Clifton Jerome Allen, a 17-year-old African American male, was shot in the head and killed by Sergeant Louis Causi on July 2, 1964 at 10:47 p.m. Causi shot Allen while he was running away from the site of a suspected burglary at a medical supply firm called Sanborn Co. The telephone caller reported to police that $1.83 had been stolen from a petty cash box; however, no money was found on Allen or his partner Charles Clay (who was believed to be Allen’s lookout while he broke into the store). Sergeant Causi reported that he fired a warning shot into the ground after he identified himself as a police officer and shouted for Allen to halt while chasing him through an alley. He fired the final shot from his revolver at Allen from 100 feet away after Allen allegedly ignored his orders and continued to run. Sergeant Causi reported that he thought Allen had escaped and returned to his partner, Lt. Clarence Cesare. Sergeant Causi and Lt. Cesare later found Allen face down in the alley. He was taken to Detroit General Hospital where he died an hour later.
Edward Ellington, a 39-year-old African American male, was fatally shot in the chest and forearm by Patrolman Robert A. Sekula in an East Side bar on November 14, 1964. He was dead on arrival to Receiving Hospital with two gunshot wounds in the chest and two wounds in the forearm. Officer Sekula and his partner Richard Evans reported that they went to the bar after receiving a call from the owner Steve Mora, who stated that Ellington refused to leave the bar after being asked. The officers stated that Ellington was holding a hunting knife upon their arrival and began to advance toward the officers. Officer Sekula said he asked Ellington to drop the knife three times before firing two shots at Ellington, which brought him to the ground.
Andre Rene D'Artagan, a 32-year-old, African American, male was shot and killed by Patrolman Ray Shriner on December 12, 1964. The wife of Andre D'Artagan reported to Detective Sergeant Gobel Baynes that her husband had threatened to kill her and that he was wanted for burglary and arson by the Los Angeles Police Department. When Detective Baynes recognized Mrs. D'Artagan in a passing car, he called in other officers to help and a 21 minute car chase on the Lodge Freeway and the outskirts of downtown Detroit began. Police fired several shots at D'Artagan's car, and he fired at the police cars during the chase. When D'Artagan reached Hendrie Street, he got out of the car and ran to the backyard of a house. There he shot and killed Patrolman Howard Tulke, a white officer, pictured in the article on the right. In response, Patrolman Shriner, also a white officer, and several other white officers began to shoot at D'Artagan. The hospital reported that there were seven wounds in the body of D'Artagan upon arrival.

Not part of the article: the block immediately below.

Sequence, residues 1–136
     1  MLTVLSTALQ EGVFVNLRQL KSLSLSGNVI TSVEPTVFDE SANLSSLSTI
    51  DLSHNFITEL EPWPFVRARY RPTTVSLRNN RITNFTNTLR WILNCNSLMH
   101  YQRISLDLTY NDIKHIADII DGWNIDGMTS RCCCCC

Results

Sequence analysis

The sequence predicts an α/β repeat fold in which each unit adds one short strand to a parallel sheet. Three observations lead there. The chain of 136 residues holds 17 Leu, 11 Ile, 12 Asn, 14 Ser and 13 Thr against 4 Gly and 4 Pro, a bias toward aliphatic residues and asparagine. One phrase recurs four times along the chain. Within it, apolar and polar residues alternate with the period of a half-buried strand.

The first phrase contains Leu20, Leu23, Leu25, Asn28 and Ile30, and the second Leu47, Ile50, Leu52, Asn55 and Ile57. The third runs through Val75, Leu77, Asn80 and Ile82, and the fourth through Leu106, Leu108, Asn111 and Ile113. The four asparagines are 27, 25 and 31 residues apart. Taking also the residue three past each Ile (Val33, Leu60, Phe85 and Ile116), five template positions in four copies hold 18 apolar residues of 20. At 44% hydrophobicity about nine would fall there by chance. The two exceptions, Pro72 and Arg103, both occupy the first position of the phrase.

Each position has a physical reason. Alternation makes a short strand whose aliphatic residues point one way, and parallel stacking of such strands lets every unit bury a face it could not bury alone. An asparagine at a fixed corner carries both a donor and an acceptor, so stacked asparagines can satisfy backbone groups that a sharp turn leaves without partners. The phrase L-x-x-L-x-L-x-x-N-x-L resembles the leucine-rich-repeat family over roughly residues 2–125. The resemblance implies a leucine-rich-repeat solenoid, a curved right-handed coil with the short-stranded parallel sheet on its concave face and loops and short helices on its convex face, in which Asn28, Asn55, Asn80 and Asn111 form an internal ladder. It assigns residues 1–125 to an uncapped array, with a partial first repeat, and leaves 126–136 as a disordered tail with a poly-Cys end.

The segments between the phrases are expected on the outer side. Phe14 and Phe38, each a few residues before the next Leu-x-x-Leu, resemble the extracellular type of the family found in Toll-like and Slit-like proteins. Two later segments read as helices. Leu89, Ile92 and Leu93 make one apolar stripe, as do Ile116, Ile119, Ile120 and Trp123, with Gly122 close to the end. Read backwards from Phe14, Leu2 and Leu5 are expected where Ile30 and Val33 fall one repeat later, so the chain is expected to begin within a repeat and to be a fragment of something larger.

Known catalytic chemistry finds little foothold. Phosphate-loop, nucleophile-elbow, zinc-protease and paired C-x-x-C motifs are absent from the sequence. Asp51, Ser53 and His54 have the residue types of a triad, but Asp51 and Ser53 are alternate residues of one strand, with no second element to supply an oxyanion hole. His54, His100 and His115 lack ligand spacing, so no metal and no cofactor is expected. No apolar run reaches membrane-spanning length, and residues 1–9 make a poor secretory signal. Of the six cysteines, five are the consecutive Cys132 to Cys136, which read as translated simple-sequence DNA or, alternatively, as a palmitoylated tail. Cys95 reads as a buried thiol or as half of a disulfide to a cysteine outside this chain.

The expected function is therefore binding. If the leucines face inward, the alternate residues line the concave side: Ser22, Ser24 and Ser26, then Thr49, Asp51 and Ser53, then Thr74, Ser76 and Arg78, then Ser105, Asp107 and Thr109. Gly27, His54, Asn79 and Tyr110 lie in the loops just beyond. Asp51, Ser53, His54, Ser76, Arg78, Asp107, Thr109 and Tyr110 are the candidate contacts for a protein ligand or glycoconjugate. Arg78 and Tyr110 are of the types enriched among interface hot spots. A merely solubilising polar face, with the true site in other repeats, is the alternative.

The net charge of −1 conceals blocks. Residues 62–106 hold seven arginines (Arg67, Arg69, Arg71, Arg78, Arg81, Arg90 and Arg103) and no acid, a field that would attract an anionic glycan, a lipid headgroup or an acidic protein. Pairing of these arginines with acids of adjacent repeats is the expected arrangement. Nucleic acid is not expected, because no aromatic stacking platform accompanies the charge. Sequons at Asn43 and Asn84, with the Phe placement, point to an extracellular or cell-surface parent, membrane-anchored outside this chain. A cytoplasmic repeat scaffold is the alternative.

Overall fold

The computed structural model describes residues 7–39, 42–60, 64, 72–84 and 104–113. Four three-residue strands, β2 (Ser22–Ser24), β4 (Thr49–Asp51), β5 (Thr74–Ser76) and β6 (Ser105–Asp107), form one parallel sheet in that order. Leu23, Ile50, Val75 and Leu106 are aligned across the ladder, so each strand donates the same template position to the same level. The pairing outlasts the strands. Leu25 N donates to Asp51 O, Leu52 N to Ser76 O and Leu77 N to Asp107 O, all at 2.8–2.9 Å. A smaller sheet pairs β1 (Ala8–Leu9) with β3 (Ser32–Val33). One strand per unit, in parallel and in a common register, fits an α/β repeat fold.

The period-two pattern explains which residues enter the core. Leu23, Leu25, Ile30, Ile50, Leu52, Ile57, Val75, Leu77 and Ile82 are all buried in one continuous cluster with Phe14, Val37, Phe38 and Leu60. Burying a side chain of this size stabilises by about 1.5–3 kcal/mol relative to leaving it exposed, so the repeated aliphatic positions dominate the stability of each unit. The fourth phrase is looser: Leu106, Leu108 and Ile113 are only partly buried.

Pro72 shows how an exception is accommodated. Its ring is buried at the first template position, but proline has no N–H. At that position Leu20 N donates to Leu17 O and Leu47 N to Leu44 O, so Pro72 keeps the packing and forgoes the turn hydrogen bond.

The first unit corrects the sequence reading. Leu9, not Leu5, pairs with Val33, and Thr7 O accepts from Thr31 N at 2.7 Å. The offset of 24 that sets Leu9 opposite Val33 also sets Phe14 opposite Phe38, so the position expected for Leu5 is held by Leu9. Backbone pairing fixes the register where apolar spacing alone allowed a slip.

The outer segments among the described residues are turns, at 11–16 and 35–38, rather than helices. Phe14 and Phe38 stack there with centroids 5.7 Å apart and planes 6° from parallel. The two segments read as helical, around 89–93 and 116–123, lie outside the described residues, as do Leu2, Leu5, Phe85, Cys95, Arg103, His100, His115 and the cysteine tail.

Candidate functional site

The Detroit News article published on the front page on December 13, 1964, is one of the only times, if not the only time, that a police killing of an African American was featured as the main headline story. In this case, it was not to criticize the officers for shooting civilians, but to show that an African American civilian shot and killed a white police officer. The article emphasizes D'Artagan's past, including his criminal record and status as a fugitive wanted by the Los Angeles Police Department for burglary and arson charges. The first sentence reads, "A Detroit policeman and an ex-convict wanted on burglary and arson charges in Los Angeles were killed Saturday afternoon in a fullisade of gunfire behind an East Side apartment." In addition to the clear portrayal of D'Artagan as a wanted criminal, and not a victim of police violence, the images chosen further demonstrate how The Detroit News focused on the life and death of the officer, Howard Tulke, because he was white. They show a picture of Patrolman Tukle in his uniform with the caption, "slain patrolman," and discuss in the article how long Tulke had been on the force and the fact that he was married with no kids. In contrast, there is no photograph of D'Artagan, and the only information provided about him as a person is that he is a fugitive who opened a photo store recently under a fraudulent name. The descriptions and images provided in this article clearly demonstrate the bias in the media for white police officers and offers no sympathy to the deceased African American person. The article even goes further to criminalize D'Artagan by showing an image of a white man, William Ward, who was wounded as a bystander walking by the gun chase. His condition was reported not serious by the hospital, but he is still depicted and described favorably in contrast to D'Artagan, who lost his life. The officer who fired at and killed D'Artagan, Patrolman Shriner, also has his picture in uniform included and is praised for firing the four final shots. The only image related to D'Artagan is an image of the gun which he used to kill Patrolman Tulke in the location shown below. Similarly, the Detroit Free Press included this story with images of Patrolmen Tulke and Shriner, and bystander William Ward, on its front page after the shooting.